Posts tagged spanish
Day 15: Catrojeriz to Fromista aka Restart

It was nice to start the day off early, and I am feeling more like myself. But unfortunately our albergue didn’t have any gluten-free options for breakfast. We decided to get breakfast at a bar in town, but of course they were not open at 7:30 AM and it was 12 km to the next town. Oh well, I I thought... It will water for brekky. In addition to the lack of calories, we didn’t realize we would have to scale a huge hill. Karma for skipping out on walking 40k? I will say arriving at the top in time for the sunrise was something unbelievable. To top that off, there was a pop-up bar with coffee, bananas and other items. It was hosted by a guy named Javier, who speaks Greek! He overhead my mom and I talking (luckily we didn’t say anything too awful), and inquired within. He said he was confused because my mom looks Greek, but I apparently don’t? #someonepeedinmygenepool Anyway, he was a sweetheart. Turns out he had met his ex-girlfriend a few years back while traveling in Greece. They fell in love and he decided to move to Greece. He lived there for a year, but became homesick and had a bunch of projects going on here. So, he decided to end the relationship and head back to Spain. Now he has a Spanish gf.

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Day 11: Belorado to Atapuerca aka Neanderthals!

We thought our very mediocre hotel would’ve a least included breakfast, but alas, we paid an extra €12 extra for some empty calories. How do you say BS in Spanish? It was 10K to the first town, and the trail paralleled the road the entire time. I can’t stand when the Camino parallels the road or the highway, as it takes away from the Camino charm. In the town of Villa Franca, we met up with other peregrinos and headed up towards the mountains. Inclines are never too exciting, but we ran into Noah, from DC, who we had not seen since the first day. He told me that our friend Ana was probably already in Burgos, and thought that he too would walk the full 30 miles to get there by today. He introduced me to a couple of his Italian friends, who spoke limited English. I love being lost in translation on this Camino... Communication seems to fluctuate between hand gestures and laughter.

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Day Five: Puenta La Reina to Estella aka No mas albergues, por favor

No sleep last night. I mean, maybe 2 hours? Our room smelled of farts and BO. If that didn’t keep you up, it was the immensely loud snoring that ear plugs couldn’t cover. If you ever do the Camino, BRING EAR PLUGS. So two hours of sleep later, and prior to having to walk 15 miles to Estella, our ‘breakfast’ at the albergue was just as good as the sleep. A croissant, orange juice and coffee. I explained that I’m celiac (soy celiaca), and was offered an apple instead of a croissant...errrr. Being gluten free on the Camino is much easier than being vegan, but sometimes it sucks just as much. Especially when it’s too early for any markets to be open.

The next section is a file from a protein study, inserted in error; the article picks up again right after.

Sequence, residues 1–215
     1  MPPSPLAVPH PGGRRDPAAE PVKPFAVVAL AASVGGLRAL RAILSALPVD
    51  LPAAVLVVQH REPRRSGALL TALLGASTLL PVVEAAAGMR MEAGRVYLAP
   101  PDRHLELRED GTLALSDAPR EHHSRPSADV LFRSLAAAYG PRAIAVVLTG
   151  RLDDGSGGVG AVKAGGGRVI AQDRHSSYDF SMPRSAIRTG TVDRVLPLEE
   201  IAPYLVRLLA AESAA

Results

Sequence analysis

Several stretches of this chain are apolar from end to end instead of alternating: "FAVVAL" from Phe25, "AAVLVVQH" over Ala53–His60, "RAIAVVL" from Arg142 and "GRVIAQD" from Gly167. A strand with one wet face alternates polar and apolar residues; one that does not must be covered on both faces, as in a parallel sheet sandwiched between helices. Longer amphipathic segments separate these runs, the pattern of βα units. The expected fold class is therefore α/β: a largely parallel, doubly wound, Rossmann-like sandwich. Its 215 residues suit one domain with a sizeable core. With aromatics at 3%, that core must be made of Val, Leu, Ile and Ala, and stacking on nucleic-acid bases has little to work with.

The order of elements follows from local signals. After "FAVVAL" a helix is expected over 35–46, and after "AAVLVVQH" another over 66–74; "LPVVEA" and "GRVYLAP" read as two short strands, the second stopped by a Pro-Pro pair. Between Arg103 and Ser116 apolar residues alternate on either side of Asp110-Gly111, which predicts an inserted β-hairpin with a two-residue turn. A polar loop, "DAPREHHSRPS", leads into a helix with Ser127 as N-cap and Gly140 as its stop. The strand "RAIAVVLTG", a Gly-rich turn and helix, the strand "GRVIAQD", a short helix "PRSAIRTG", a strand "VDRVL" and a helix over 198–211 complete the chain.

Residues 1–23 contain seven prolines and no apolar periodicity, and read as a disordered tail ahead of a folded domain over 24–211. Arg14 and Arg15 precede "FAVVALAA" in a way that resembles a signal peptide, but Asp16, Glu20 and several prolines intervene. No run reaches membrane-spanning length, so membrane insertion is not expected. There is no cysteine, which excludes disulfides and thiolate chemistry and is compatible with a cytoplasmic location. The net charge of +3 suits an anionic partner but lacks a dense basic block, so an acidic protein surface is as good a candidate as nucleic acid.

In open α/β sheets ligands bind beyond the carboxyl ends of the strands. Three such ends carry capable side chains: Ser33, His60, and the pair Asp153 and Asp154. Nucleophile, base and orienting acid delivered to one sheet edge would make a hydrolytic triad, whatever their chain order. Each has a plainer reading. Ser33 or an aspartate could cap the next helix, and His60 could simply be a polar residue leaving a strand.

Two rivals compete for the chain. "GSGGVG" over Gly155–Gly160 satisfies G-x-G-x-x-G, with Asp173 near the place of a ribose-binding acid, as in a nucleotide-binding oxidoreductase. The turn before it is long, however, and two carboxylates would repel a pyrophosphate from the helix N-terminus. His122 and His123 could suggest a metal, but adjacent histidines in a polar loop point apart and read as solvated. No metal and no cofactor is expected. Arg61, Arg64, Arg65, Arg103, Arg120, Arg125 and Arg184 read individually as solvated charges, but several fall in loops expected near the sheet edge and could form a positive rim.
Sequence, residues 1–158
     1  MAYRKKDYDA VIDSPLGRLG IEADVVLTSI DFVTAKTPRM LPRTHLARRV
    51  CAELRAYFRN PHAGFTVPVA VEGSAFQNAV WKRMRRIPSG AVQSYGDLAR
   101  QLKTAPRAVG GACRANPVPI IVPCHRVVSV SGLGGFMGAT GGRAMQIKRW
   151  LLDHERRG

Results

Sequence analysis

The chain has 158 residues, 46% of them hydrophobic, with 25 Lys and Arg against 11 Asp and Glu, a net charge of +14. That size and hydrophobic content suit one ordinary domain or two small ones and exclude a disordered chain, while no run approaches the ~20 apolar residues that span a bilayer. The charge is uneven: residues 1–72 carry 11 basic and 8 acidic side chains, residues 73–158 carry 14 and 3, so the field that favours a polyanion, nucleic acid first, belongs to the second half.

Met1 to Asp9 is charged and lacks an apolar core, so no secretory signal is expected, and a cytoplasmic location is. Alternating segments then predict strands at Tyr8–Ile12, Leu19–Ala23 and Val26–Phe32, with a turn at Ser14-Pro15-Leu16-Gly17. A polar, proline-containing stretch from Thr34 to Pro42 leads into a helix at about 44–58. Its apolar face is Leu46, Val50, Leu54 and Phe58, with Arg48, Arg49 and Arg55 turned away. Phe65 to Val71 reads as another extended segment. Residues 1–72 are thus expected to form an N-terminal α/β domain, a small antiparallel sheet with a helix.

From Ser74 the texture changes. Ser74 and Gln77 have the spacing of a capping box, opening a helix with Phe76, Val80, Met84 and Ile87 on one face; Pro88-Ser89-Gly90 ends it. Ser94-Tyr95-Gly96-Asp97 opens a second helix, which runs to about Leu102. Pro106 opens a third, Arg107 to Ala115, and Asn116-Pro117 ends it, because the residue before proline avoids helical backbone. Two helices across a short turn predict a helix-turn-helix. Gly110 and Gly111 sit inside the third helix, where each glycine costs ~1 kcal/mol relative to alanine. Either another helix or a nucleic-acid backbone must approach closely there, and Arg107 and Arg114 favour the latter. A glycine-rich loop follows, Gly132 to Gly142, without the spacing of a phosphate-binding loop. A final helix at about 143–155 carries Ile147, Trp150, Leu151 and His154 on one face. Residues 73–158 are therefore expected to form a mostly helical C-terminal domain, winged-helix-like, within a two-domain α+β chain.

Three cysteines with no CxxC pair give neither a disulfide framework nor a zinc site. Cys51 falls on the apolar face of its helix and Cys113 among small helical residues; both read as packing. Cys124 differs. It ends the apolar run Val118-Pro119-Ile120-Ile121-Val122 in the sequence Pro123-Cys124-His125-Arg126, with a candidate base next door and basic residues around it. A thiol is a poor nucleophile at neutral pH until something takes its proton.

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Day Four: Pamplona to Puenta la Reina aka Running with the Bulls

We got some great sleep last night, thanks to the awesome hotel we stayed in. We decided to explore Pamplona this AM, because it’s Pamplona ! It’s a medium sized city, with a lot to offer. Something I noticed was a lot of cute hip dads with their babies... Machismo-ness (real word) is so last century. We got to eat at Bar Gaucho aka Pinxtos heaven for brunch (most are naturally gluten/dairy free). I believe my future ex-husband, Anthony Bourdain paid a visit there. Nonetheless, it was the most highly recommended place to dine. Each pinxto was roughly €3 each, completely worthwhile. Getting out of the city was a pain, as there was some sort of ‘Old Pamplona’ festival.

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Day Three: Zubiri to Pamplona aka Parque de la Taconera

Just about all of us had a late start today, possibly because some of us got into private hostels and we’re finally able to have sound sleep, who knows. Nonetheless, we started are day off with a cappuccino and breakfast pinxtos. We spoke to the gentleman working, who said he is trying to perfect his English so he can move to England, since there is no money to make in Spain. T'was bien. Ended up passing Klaus and Thomas, due to their hungoveredness (it’s a word). The trail was beautiful, without too many steep portions. I should mention that people, not just Peregrínos are super nice on the trail. It's like holiday season, all of the time. We’ve had waiters offer their place and a couple of randomers (another word) offer us assistance when we’ve stopped alongside the road. It’s refreshing. 

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